A recent psychotherapy patient, Ms. A., tells me that she's felt lonely throughout her life. Her intimate relationships have been brief; her friends, few. In recent years she's been suffering from one physical ailment after another. Another patient, Mr. B, has an active social life with friends and business associates, a long-term marriage and an extended family. Despite this socially full life, he complains of feeling lonely "right in the midst of everyone around me." He, too, suffers from frequent illness.
Some new research finds that loneliness can harm your immune system and set the stage for a range of illness. Of course, our mind/body/spirit is all one. Each "part" affects each other "part," so that's no surprise. But there's a lot more to the story. People like Ms. A and Mr. B appear different, yet are alike in other ways. That is, some people's loneliness reflects an absence of positive relationships. That, in turn, may be rooted in long-term emotional issues that interfere with forming and maintaining relationships. Yet others have a full social life but feel lonely anyway. These apparently different situations raise a question: What promotes or creates the conditions for loneliness in today's society? And, what would help alleviate the painful isolation and disconnection that some feel, regardless of the extent of their social connections?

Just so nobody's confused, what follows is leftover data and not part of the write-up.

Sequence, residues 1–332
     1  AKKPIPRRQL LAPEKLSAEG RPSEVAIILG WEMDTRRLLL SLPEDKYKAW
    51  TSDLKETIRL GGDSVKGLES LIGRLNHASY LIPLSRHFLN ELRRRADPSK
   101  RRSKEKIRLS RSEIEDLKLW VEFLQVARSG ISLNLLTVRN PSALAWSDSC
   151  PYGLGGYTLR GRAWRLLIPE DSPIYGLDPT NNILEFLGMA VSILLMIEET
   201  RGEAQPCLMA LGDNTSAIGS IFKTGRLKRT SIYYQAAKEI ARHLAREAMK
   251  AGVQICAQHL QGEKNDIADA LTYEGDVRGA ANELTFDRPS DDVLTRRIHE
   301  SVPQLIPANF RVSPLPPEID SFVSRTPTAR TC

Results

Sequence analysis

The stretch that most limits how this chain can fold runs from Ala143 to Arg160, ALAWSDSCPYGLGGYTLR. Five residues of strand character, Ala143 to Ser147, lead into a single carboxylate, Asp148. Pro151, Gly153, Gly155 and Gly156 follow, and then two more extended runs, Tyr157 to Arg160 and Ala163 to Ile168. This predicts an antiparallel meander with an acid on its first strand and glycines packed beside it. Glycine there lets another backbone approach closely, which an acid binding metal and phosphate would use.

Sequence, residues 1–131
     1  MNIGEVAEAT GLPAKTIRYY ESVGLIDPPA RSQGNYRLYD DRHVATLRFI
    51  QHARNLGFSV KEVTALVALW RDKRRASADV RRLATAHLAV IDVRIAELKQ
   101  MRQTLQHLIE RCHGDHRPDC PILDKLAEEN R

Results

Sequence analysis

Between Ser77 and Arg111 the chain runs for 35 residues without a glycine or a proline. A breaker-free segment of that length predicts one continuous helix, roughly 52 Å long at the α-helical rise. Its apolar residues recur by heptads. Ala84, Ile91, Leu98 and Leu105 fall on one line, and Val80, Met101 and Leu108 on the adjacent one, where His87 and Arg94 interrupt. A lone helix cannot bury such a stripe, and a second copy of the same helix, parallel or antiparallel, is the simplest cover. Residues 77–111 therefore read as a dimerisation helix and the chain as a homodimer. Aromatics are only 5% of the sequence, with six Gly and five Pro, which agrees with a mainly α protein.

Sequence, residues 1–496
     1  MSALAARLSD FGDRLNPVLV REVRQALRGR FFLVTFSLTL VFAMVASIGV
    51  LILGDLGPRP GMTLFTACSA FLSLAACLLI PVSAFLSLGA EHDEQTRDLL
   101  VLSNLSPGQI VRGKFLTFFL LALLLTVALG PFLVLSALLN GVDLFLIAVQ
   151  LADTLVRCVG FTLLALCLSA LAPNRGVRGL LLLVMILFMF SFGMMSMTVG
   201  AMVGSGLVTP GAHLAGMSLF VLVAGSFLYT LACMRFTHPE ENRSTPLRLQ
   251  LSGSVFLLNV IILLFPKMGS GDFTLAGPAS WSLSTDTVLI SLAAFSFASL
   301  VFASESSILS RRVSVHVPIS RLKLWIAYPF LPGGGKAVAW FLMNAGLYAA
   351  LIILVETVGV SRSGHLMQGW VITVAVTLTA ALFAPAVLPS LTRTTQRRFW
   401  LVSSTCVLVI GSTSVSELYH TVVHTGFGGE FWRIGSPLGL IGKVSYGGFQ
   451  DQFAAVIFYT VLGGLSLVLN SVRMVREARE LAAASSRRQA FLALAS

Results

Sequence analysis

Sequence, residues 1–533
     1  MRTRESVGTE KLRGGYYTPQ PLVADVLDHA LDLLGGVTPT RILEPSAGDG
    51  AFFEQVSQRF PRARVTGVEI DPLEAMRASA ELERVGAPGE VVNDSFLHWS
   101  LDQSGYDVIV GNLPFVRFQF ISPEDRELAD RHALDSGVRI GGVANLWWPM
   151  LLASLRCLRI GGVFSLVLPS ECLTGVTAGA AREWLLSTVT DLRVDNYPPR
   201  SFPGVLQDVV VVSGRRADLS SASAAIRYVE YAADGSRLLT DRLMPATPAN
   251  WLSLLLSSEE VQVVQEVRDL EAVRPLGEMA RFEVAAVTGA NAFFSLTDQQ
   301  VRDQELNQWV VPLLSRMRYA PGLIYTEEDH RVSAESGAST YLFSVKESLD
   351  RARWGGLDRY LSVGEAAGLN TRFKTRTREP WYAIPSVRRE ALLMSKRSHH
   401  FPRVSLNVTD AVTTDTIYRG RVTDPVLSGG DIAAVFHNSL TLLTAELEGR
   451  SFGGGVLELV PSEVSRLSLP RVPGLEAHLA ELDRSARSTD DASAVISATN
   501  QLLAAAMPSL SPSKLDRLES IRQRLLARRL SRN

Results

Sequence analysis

The mind/body/spirit unity that's visible in the findings that loneliness harms your immune system is, itself, embedded within an even larger context: our social and cultural norms, including the values and aspirations we absorb and follow in our relationships, life goals, and careers. This larger context plays a less visible role in why some experience loneliness in their lives, whether they have diminished social skills or maintain socially connected, outward lives.
To explain, first look at what the new research discovered: Conducted at Ohio State University, and summarized in detail here, it found that loneliness, assessed by the UCLA Loneliness Scale, impacts the body like physical stress. It weakens the immune system, increases sensitivity to physical pain, and creates depression and fatigue. Moreover, it can generate inflammation throughout the body, leading to a range of health risks. In short, feeling lonely creates greater stress just in daily living, which can hurt your immune system.
Some loneliness reflects the residue of trauma or conflict in people's early attachments to parents or parent figures. But, as a recent study found, those who avoid or are unable to form intimate relationships as adults aren't necessarily "loners" or innately dysfunctional. Rather they may be trying to fulfill a psychologically healthy desire for validation and affirmation, crucial for positive development. But the absence of that fulfillment in childhood may lead them to seek it inappropriately from prospective partners as adults. They may become disappointed when they don't receive this "parenting," and then withdraw, leaving them lonely and isolated.